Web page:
Other areas of surgery in which shortages are developing include orthopaedic surgery, neurosurgery, urology, obstetrics-gynecology, and cardiothoracic surgery.

"We're facing a situation where 50 percent of the practicing cardiothoracic surgeons in this country are planning on retiring within 10 years, with more than 70 percent following within 13 years," said John Mayer, MD, FACS, past president of The Society of Thoracic Surgeons and current chair of the Council on Health Policy and Relationships for the Society. "This issue is compounded by the fact that we aren't getting enough trainees into our cardiothoracic surgery fellowship programs. Between 2002 and 2007, thoracic surgery has seen a drop of 24 percent in the number of first year trainees. This is a forbidding harbinger of things to come."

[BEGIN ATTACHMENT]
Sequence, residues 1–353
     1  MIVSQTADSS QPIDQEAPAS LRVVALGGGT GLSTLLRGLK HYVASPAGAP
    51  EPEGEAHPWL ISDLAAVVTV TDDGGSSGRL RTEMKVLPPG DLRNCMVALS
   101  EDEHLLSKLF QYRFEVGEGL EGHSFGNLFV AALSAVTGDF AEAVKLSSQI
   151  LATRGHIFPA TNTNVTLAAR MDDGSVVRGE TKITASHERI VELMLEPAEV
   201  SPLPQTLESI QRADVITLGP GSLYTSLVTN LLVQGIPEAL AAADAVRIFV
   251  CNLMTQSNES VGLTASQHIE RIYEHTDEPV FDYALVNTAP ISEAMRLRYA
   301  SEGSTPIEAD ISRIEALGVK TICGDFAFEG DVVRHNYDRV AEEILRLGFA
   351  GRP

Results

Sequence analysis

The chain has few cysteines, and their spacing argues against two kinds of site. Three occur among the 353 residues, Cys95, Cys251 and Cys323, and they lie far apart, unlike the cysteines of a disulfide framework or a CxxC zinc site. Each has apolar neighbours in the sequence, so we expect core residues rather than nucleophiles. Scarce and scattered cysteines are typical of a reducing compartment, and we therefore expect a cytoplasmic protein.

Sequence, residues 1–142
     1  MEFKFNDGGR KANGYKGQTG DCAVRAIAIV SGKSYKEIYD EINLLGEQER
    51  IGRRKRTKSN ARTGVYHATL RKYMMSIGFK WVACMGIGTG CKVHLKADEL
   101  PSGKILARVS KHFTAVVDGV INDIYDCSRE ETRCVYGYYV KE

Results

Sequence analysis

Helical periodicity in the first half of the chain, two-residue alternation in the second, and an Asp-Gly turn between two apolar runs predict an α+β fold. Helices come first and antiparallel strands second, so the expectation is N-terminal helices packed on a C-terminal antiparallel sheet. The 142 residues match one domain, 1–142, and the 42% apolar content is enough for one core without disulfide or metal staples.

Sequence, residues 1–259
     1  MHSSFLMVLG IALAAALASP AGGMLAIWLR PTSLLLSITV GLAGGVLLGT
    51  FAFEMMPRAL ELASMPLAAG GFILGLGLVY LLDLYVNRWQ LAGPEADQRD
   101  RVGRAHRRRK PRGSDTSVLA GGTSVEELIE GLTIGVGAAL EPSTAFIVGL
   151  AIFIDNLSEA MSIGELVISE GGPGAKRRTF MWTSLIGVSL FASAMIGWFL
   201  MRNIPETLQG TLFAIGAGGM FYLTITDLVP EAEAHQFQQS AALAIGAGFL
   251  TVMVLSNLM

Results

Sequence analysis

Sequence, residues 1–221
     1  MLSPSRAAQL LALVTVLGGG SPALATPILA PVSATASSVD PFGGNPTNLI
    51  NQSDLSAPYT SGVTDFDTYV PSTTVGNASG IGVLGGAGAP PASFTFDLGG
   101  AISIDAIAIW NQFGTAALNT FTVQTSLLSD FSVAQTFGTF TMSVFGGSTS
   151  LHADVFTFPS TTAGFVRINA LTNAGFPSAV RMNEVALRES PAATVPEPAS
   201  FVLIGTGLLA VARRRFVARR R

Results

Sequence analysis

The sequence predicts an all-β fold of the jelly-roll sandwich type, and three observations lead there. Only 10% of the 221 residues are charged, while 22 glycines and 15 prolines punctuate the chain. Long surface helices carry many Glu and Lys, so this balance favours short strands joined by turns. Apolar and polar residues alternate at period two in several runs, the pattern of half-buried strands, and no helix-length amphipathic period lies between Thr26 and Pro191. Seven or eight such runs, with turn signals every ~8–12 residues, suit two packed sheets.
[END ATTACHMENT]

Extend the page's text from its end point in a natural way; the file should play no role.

About Operation Patient Access

Operation Patient Access is a collaboration of America's surgical community, including patients, surgeons, hospitals, public health and other providers - with the ultimate goal of bringing into focus the urgent issues facing access to quality surgical care. Operation Patient Access partners include: The American College of Surgeons, American Academy of Ophthalmology, American Academy of Otolaryngology - Head and Neck Surgery, American Association of Neurological Surgeons, American Association of Orthopaedic Surgeons, American College of Osteopathic Surgeons, American Osteopathic Academy of Orthopedics, American Society of Plastic Surgeons, American Urological Association, Congress of Neurological Surgeons, New England Rural Health Round Table, The Society of Thoracic Surgeons, Society for Vascular Surgery, Texas Rural Health Association, Utah Department of Health, and the Wyoming Health Resources Network.

Web site: http://operationpatientaccess.facs.org


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SOURCE American College of Surgeons